The Monetary Authority of Singapore (the "MAS") issued a consultation paper (the "Consultation Paper") on 20 November 2019 on the proposed regulatory approach under the Securities and Futures Act, Chapter 289 of Singapore (the "SFA") for derivatives contracts that reference payment tokens as underlying assets ("Payment Token Derivatives"). The consultation closes on 20 December 2019.
Notably, the Consultation Paper was followed shortly by ICE Futures Singapore Pte. Ltd. announcing its proposed launch of the BakktTM Bitcoin (USD) Cash Settled Monthly Futures contract on 9 December 2019.
In this client alert, we highlight the MAS' key proposals to regulate Payment Token Derivatives that are traded on approved exchanges under the SFA1 ("Approved Exchanges") and the additional safeguards the MAS has proposed to implement for retail investors who trade in Payment Token Derivatives, noting the distinction in approach taken by the MAS in Singapore, the Securities and Futures Commission (the "SFC") in Hong Kong and the Financial Conduct Authority (the "FCA") in the UK.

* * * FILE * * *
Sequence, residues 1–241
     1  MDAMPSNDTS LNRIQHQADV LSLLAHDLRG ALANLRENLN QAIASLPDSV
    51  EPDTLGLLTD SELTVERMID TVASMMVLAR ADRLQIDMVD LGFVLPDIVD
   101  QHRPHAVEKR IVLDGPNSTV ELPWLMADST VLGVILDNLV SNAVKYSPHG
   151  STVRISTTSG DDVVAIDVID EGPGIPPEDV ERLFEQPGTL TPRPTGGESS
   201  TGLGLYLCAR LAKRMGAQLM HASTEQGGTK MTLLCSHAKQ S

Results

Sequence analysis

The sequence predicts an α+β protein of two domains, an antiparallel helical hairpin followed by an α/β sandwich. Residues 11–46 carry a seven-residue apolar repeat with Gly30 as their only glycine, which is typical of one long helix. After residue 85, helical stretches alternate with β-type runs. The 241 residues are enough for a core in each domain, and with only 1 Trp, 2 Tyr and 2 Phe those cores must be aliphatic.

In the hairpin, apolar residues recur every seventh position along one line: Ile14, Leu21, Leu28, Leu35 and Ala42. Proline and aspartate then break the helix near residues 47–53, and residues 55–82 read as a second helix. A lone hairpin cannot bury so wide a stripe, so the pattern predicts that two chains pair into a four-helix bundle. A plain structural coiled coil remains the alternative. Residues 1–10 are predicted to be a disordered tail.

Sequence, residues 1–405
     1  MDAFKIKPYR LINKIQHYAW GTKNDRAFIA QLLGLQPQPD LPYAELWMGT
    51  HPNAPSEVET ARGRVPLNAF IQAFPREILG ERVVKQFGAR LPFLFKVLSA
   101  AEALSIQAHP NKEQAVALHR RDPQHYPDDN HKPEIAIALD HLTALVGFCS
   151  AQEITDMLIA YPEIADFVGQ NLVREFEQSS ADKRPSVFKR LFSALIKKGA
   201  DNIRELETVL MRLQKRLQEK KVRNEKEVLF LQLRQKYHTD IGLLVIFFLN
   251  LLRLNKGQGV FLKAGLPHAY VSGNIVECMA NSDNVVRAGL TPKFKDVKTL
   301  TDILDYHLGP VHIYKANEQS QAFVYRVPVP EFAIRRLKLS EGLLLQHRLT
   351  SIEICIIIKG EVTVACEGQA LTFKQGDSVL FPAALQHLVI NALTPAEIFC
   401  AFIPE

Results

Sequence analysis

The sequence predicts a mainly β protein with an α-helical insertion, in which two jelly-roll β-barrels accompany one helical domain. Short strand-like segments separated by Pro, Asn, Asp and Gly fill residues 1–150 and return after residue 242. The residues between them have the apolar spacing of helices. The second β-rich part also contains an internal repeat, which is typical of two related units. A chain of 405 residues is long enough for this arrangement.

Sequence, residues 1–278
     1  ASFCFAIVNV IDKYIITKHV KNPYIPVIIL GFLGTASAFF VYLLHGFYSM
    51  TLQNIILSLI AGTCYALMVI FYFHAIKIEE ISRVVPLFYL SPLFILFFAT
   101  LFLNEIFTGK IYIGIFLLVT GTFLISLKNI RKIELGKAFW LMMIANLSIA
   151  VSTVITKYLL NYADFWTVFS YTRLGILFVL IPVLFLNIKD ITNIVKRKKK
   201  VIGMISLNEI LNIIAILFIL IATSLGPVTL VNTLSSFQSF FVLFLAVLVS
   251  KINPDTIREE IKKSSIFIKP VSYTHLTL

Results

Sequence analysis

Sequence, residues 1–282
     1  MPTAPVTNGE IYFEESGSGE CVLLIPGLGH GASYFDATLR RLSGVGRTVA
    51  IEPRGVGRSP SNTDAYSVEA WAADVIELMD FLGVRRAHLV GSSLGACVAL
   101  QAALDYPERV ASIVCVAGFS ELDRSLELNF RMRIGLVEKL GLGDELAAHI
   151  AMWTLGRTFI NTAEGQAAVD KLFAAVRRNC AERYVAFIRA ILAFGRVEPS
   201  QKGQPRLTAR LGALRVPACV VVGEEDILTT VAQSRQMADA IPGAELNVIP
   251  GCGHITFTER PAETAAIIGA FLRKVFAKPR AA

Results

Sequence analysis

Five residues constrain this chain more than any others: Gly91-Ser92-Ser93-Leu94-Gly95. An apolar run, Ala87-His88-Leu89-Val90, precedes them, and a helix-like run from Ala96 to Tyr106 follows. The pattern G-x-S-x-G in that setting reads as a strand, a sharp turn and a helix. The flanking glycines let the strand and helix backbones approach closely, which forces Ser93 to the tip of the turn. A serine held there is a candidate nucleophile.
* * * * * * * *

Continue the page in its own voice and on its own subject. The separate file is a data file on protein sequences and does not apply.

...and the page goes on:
To date, the trading of popular digital tokens (mostly digital tokens that are intended as payment instruments such as Bitcoin and Ether) has largely taken place on unregulated markets, giving rise to allegations of fictitious trades, cornering and manipulation.
With the need for a regulated product for institutional investors (such as hedge funds and asset managers) to gain and hedge their exposure to payment tokens, one regulated alternative that has emerged is the trading of Payment Token Derivatives.